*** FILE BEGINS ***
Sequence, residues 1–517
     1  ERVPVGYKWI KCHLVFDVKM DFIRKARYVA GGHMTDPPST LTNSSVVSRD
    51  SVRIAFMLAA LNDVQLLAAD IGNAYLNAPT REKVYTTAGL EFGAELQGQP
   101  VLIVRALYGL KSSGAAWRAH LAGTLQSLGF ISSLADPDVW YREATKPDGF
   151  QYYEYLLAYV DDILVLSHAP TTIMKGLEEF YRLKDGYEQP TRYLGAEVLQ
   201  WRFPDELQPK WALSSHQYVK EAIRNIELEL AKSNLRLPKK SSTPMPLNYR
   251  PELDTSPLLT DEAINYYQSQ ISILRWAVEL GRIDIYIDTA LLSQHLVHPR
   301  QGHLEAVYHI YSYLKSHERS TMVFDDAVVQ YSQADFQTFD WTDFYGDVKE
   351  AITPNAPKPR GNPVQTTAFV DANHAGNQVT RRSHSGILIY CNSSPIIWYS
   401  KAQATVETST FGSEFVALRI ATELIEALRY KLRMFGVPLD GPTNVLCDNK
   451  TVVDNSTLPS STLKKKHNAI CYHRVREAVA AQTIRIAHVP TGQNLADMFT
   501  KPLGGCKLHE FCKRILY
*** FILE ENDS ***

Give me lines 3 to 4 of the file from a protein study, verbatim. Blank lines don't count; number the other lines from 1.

    51  SVRIAFMLAA LNDVQLLAAD IGNAYLNAPT REKVYTTAGL EFGAELQGQP
   101  VLIVRALYGL KSSGAAWRAH LAGTLQSLGF ISSLADPDVW YREATKPDGF